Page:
The towing of illegally parked vehicles is a topic that is regularly brought to our attention. In most instances, the problem involves a commercial vehicle, motor home, trailer or truck that that is parked in violation of the Association’s covenants or rules. It may also involve a vehicle that appears to have been abandoned or is not properly registered with the State of Colorado. In more egregious instances, the vehicle is parked illegally in a designated handicap parking space or fire lane. In any instance, the question is: “Can we tow the illegally parked vehicle?

The answer to this question initially depends on whether or not the Association owns the property on which the vehicle is illegally parked. Colorado law only allows for the towing of a vehicle under the following conditions:

  1. When the towing is directed by a law enforcement officer;
  2. When the towing is requested by the owner, authorized operator, or authorized agent of the owner of the motor vehicle; or
  3. When the towing is requested by the property owner.

Thus, an Association may tow an illegally parked vehicle from a private street or common area that it owns (since it is the property owner). However, if the vehicle is parked on a public street, it may not tow the vehicle on its own. This is true even if the vehicle is parked in violation of the Association’s covenants or rules. In this situation, the Association could seek to have the vehicle towed by a local law enforcement officer. However, law enforcement is likely only to direct a tow if the vehicle is in violation of city or county ordinances. If the vehicle is simply in violation of the Association’s covenants or rules, the Association’s recourse is likely through fines (pursuant to its enforcement policy) or a lawsuit seeking injunctive relief (a court order prohibiting the vehicle from being parked in violation of the covenants or rules).


For Associations with private streets or other private parking areas, there are a few additional issues to consider before it begins towing vehicles. First, the Association should review its covenants and rules to make sure that they specifically allow for towing. If not, the Association’s remedy is probably still limited to either fines or litigation (or other remedies provided for in the covenants or rules). If the Association’s rules do allow for towing, it should be sure to follow any notice requirements imposed by State statute, municipal ordinances, or the Association’s covenants or rules. Typically, the Association needs to post some type of warning on the offending vehicle before towing the vehicle. However, there may be exceptions where immediate towing is authorized in cases of emergencies or where vehicles are illegally parked in fire lanes.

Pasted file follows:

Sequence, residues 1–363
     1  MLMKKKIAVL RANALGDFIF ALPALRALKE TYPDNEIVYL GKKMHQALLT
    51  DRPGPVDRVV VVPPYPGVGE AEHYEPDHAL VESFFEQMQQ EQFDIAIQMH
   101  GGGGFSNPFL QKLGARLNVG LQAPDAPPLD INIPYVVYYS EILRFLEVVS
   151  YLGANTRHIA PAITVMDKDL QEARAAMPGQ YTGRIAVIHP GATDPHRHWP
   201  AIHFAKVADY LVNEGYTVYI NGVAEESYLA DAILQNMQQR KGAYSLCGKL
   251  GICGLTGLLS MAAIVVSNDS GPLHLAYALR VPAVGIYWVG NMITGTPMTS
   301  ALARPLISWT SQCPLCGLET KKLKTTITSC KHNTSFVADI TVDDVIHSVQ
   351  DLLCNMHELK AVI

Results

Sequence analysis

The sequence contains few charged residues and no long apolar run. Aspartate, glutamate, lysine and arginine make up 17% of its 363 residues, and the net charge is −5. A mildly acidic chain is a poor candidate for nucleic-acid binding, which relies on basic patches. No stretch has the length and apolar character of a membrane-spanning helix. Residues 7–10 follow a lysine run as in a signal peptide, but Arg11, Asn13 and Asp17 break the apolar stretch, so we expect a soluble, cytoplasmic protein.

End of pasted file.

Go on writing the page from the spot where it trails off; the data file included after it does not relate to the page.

One final point to consider is that towing is an extreme remedy that should be undertaken with caution. In most cases the Association will be asserting control over a piece of property worth thousands, or tens of thousands, of dollars. If the Association is mistaken about either (1) its authority to tow, (2) that a covenant or rule has been violated, or (3) that proper notice was given before the tow, it could become liable for any damages incurred by the vehicles owner.    


In sum, how to treat illegally parked vehicles in your community is an important decision. Feel free to contact our office if you have any questions regarding the towing of vehicles or whether your Association has this authority.